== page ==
“Risking for Peace: Honoring Veterans with Lasting Peace”
Rev. Kelly Jane Caesar
First Congregational Church of East Hartford
November 11, 2018
Today’s lectionary scripture is from the book of Ruth.
At first glance it does not seem particularly relevant to Veterans’ Day.
However, in this scripture we discover a truth that veterans likely know well.
The story begins when Naomi and her husband leave Israel because there is a famine,
You might remember that scripture from a few weeks back when we looked at immigrants in the Bible.
In the foreign land of Moab, Naomi bears two sons who later marry.
Sadly, Naomi’s husband and sons die, leaving Naomi with her two daughters-in-law.
A famine hits Moab and so Naomi decides to return to Israel, whose land is fertile again.
Ruth, one of Naomi’s daughters-in-law, decides to follow –
Even though leaving Moab means abandoning the future of marrying again in her native land.
In Israel, Ruth gleans the left-over crops from her neighbors.
Again, you may recall the law in Israel that calls for farmers to leave a portion of their crops to the “widows, orphans and resident aliens (immigrants)” may glean the leftovers for food.
Gleaning the left-overs is no easy life – worse than living paycheck to paycheck.
There is a way out of this life, however.
Naomi is too old to marry in ancient Israel,
but if Ruth marries, her husband will care for her.
If Ruth marries a next-to-kin of Naomi, then both women will be cared for.
Obviously, this was before the time when women could own land and sustain themselves.
Our scripture picks up when Naomi tells Ruth to go on a risky trip to secure peace for both of them.
There are some code words in this scripture that are important to know.
In the Bible, when a woman “knows” a man, it implies a sexual encounter.
(ex. Adam knew Eve and Eve bore a child)
Also, “feet” is a euphemism for what you find between your legs. (ex. Isaiah 7:20)
Let’s listen for how Ruth and Naomi go about securing peace for themselves.
Scripture: Ruth 3:1-5
Naomi tells Ruth to go to Boaz and present herself as a potential wife,
Which would bring security to both women.
Ruth risks her reputation and her livelihood to bring lasting security to her and Naomi.
In the verses between the readings today, we hear how Boaz does not take advantage of Ruth,
But protects her reputation, makes sure she is adequately fed, and discusses the marriage with the elders.
After which we come to the second portion of scripture:
Scripture: Ruth 4:13-17
Ruth risks her reputation and livelihood, not to mention her body and emotions, to bring lasting security and peace.
Boaz not only fulfills his duty, but respects her and takes her as his wife.
The entire family is rewarded with the birth of child, a symbolic and literal means of continuing the lineage –
A lineage that brings to life King David and eventually Joseph, the foster father for Jesus, the Messiah.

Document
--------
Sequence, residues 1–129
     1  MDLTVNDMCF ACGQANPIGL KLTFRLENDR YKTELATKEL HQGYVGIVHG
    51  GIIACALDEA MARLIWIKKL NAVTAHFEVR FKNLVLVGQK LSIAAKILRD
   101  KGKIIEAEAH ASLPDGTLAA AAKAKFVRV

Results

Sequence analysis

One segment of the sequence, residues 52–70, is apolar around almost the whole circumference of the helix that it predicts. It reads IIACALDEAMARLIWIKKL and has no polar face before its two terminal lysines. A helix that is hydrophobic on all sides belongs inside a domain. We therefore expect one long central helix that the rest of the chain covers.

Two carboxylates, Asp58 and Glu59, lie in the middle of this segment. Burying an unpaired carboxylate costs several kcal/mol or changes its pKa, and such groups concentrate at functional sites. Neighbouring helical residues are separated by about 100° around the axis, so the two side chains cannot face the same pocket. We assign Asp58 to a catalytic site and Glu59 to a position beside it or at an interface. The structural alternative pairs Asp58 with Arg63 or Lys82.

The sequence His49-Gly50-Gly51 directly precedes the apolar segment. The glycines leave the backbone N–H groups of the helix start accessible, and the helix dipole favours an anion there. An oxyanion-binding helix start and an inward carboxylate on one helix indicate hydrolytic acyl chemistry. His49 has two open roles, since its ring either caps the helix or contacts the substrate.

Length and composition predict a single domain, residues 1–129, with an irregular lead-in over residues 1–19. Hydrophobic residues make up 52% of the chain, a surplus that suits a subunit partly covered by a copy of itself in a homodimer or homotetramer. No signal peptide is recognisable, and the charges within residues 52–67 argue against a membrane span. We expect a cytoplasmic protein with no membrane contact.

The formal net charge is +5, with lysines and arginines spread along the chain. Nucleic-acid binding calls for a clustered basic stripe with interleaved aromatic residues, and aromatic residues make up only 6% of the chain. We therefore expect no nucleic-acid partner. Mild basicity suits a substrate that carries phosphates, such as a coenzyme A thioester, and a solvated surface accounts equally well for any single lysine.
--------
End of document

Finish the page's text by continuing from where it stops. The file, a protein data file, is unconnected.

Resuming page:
On this Veterans’ Day we honor the risks women and men who have served in the armed forces have made.
They put their lives on the line –
Their physical bodies, as well as their emotional and spiritual health.
Too many veterans return home with not only severe physical injuries, but deep emotional trauma.
After witnessing the violence and cruelty of war, emotional trauma is a rather human response.
For those veterans who return home without injuries,
The mere act of having risked everything can weigh on the spirit.
We have a number of veterans with us today.
Would those who have taken great risk to work for peace please stand?
One veteran church member could not stand today.
Al Rhodes was a 100-year-old veteran who served in WWII.
He was a member of this church until last winter when he died in his home not far from here.
My visits with him were mostly joyful, as he shared about his wife and showed me pictures of good times.
While coming to worship was not physically possible in the last few years of his life,
He had a stack of church newsletters and bulletins.
He delighted in hearing what was going on.
One special visit we were talking about his time in the service.
Well, I was listening and he was talking – in that way where someone just speaks from their heart,
He was not really looking at me, as he was reliving the memories,
For awhile his eyes were glassed over with an image of the past.
Until a spark lite up and he turned to me,
Eyes awake with hope,
“Why does it keep going?
I thought when I came home from the war that it would be peace.
But the fighting goes on.”
One of the most profound ways we can honor our veterans is by working relentlessly for peace.
Working for peace is profoundly risky business.
Most of us will not risk our physical and mental health for peace in the way many courageous veterans have.
Most of us will not need to risk in the way Ruth had to in Ancient Israel.